And the Wolverines now know who they will play.
The conference released its full schedule Saturday morning, and while there are some differences between the previous conference-only schedule that was announced in August, a lot held to form.
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Some key differences: Instead of opening the season at Purdue, the Wolverines will travel to Minneapolis to battle for the Little Brown Jug — their first time playing at Minnesota since 2015, Jim Harbaugh's first season as head coach.
"The Game" has moved back to its normal slot at the end of the regular season, but not Thanksgiving weekend because of the later start to the season.
Here's an early breakdown of the Wolverines' new 2020 schedule:
Oct. 24: at Minnesota
The Golden Gophers had a breakout 2019, finishing 11-2 and No. 2 in the Big Ten West. There have been some changes since then: Minnesota's top receiver Tyler Johnson and top defender Antoine Winfield Jr. are both in the NFL now, and offensive coordinator Kirk Ciarrocca — the brains behind an offense that averaged 34.1 points and 432 yards per game — left for Penn State. Still, this should be a tough opener.
Quarterback Tanner Morgan, who threw for 30 touchdowns and had the Big Ten's second-best passer efficiency rating (178.7), is back, and so is receiver Rashod Bateman, a top NFL prospect who opted out for the NFL draft before announcing this week that he plans to opt back in. Bateman caught 60 passes for 1,219 yards and 11 touchdowns last fall and could present a problem for U-M's young secondary.
Oct. 31: vs. Michigan State
Michigan handled their in-state rivals Spartans at home last season in a 44-10 victory, and this year's matchup could look completely different. Mark Dantonio is gone, and so are numerous multi-year starters like Kenny Willekes, Joe Bachie and Brian Lewerke. The Spartans may not be as talented as in years past, but this game still holds the same importance for them, and a win would mean a lot for first-year coach Mel Tucker and his recruiting efforts. As it stands, though, U-M's roster looks like it'll have an edge.
Nov. 7: at Indiana
Indiana usually plays Michigan tough, but the Wolverines blew out the Hoosiers, 39-14, in Bloomington last fall. The top performers in that game — quarterback Shea Patterson, receiver Nico Collins and edge-rusher Josh Uche — are all gone, but U-M should still have enough to get the job done. The key matchup: U-M's secondary against Indiana quarterback Michael Penix Jr., who won the starting job last season and completed 68.8% of his passes for 1,394 yards and 10 touchdowns. His quarterback rating of 157.6 would've finished third in the Big Ten had Penix had enough attempts to qualify. But he struggled with injuries and missed much of the season.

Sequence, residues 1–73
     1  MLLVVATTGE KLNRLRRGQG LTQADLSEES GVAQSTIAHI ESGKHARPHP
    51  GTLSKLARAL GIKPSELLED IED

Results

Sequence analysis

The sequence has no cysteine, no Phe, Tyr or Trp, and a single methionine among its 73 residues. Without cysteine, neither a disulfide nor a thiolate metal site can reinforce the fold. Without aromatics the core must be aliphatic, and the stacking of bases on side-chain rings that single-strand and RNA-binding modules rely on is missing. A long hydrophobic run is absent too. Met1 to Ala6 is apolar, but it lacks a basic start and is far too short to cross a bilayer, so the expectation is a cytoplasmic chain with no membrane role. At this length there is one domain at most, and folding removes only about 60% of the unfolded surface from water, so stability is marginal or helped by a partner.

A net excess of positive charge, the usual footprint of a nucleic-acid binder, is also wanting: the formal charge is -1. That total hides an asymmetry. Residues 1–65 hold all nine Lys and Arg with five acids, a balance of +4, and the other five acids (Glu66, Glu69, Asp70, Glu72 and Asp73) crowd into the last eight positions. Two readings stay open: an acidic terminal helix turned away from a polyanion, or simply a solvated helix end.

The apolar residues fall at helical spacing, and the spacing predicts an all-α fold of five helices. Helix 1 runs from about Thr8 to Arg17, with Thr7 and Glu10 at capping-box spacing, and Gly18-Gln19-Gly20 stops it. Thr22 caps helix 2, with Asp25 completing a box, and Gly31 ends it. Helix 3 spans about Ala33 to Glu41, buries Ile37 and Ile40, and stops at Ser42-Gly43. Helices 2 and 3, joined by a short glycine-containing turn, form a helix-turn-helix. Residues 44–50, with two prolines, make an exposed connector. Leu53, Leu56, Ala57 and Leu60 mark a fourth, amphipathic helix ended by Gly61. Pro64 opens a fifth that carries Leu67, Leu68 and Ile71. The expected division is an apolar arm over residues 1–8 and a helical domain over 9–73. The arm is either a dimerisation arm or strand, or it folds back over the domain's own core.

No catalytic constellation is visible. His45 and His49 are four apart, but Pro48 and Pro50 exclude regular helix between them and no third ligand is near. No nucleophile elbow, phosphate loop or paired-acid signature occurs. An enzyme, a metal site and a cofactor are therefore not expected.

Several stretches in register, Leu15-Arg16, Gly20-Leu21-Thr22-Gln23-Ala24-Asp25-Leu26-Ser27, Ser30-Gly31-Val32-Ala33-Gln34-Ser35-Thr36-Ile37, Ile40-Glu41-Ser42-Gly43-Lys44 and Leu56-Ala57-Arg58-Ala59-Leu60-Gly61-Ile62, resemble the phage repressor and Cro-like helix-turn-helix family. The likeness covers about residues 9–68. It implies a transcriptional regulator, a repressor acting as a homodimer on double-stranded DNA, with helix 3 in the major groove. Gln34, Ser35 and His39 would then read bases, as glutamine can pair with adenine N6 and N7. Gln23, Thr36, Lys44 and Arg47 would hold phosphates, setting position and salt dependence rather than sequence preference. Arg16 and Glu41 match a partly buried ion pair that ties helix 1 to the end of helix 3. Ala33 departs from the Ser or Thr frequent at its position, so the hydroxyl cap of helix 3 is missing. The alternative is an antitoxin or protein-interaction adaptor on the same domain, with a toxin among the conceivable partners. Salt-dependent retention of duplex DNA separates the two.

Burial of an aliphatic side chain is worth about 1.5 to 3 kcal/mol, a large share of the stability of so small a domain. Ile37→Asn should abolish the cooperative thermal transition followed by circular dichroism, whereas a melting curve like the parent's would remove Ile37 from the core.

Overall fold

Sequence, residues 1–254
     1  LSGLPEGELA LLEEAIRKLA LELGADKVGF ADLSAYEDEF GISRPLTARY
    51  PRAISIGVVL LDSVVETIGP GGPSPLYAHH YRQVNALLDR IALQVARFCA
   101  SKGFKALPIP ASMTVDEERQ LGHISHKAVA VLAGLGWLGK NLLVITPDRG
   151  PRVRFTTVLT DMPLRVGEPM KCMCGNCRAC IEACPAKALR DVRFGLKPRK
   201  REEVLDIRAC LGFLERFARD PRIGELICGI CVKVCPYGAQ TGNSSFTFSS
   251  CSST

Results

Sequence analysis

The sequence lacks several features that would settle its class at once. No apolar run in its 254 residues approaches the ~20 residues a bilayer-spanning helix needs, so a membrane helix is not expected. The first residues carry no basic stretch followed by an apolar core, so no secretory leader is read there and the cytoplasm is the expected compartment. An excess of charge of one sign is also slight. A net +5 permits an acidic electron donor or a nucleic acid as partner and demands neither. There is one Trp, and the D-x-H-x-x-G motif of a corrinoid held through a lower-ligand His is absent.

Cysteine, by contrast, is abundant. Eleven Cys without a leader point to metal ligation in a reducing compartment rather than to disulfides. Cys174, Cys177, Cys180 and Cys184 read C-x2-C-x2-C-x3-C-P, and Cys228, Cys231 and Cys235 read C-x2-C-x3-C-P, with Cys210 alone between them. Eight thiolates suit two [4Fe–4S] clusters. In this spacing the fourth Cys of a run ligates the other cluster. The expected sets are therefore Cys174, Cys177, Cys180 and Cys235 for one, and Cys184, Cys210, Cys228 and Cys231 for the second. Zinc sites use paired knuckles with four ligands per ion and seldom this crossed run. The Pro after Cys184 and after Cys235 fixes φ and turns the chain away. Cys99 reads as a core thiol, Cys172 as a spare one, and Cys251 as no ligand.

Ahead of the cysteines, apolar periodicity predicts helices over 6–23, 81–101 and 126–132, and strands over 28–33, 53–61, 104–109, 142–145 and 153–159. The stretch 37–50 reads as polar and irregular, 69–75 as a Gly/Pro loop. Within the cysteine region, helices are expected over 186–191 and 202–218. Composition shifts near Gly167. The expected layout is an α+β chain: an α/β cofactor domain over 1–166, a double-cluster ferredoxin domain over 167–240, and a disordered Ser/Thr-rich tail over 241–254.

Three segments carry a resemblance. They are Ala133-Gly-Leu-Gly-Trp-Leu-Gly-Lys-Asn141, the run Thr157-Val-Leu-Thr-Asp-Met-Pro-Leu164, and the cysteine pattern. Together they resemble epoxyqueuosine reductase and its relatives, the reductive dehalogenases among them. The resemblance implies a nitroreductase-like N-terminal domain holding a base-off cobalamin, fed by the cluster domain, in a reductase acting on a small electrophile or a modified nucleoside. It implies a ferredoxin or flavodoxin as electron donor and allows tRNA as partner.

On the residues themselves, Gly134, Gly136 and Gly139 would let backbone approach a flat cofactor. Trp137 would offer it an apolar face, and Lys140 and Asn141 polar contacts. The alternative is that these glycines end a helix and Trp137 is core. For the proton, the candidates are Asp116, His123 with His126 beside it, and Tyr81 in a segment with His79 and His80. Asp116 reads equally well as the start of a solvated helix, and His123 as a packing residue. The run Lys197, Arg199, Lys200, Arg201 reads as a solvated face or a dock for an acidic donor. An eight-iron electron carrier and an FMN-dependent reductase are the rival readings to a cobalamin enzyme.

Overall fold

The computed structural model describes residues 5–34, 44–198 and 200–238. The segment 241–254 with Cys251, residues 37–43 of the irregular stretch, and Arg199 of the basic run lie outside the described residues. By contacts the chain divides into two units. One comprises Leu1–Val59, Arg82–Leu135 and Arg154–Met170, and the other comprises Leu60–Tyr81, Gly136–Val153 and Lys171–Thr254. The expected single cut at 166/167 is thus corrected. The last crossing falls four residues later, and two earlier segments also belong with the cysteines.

Nov. 14: vs. Wisconsin
The Badgers and Wolverines have gone back-and-forth over the past four years, with the home team winning each time. And aside from the first game, a 14-7 Michigan win at home in 2016, every contest has been markedly one-sided. Wisconsin no longer has star running back Jonathan Taylor, who gave U-M nightmares last season or top edge-rusher Zach Baun; the Badgers do return quarterback Jack Coan, who impressed in his first season as the starter. And it's a good bet that coach Paul Chryst will have the run game operating smoothly. This will be a test for Michigan's defensive front, which struggled to defend the run in last season's 35-14 loss.
Nov. 21: at Rutgers
This will likely be the easiest game on Michigan's schedule, the Scarlet Knights have been the worst team in the conference since joining the Big Ten, and they have hit the reset button once again, with Greg Schiano taking over as head coach for the second time in his career. While Schiano took the program to unprecedented heights during his first run in Piscataway, this rebuild will be more difficult.
Nov. 28: vs. Penn State
Like with Wisconsin, U-M has traded victories with Penn State after Harbaugh won his first two games against the Nittany Lions. The Wolverines couldn't pull off an improbable comeback at Penn State last fall, and the loss essentially ended Michigan's hopes of winning a Big Ten title, just as the 2017 loss in Happy Valley. This fall, the Wolverines could play the spoiler to a Penn State squad that hopes to compete with Ohio State for the conference title. The Nittany Lions lost electric playmaker K.J. Hamler, the biggest reason they beat Michigan last fall, but return quarterback Sean Clifford and star tight end Pat Freiermuth. This game would become even more difficult for the Wolverines if linebacker Micah Parsons decides to opt back in for Penn State.
Dec. 5: vs. Maryland
Like Rutgers, this will be one of the easiest games on the schedule for Michigan. The Wolverines have not lost to the Terrapins during Harbaugh's tenure and have never really come close to doing so. While Michigan has a relatively young and inexperienced roster, it would be very surprising if this was a close game.
Dec. 12: at Ohio State
It would've been weird to see these two teams play before the end of the regular season, as the Big Ten's previous schedule had planned. Like with every other year, this is easily Michigan's most talented opponent. The Buckeyes had some players opt out — but guard Wyatt Davis and cornerback Shaun Wade both plan to opt back in. Those two have first-round potential, and their return would make this matchup even more difficult for the Wolverines. And, of course, star quarterback Justin Fields — who will have a real chance at winning the Heisman Trophy — is back for his second (and most likely final) season in Columbus.
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This article originally appeared on Detroit Free Press: Michigan football's new schedule: Many tests for inexperienced roster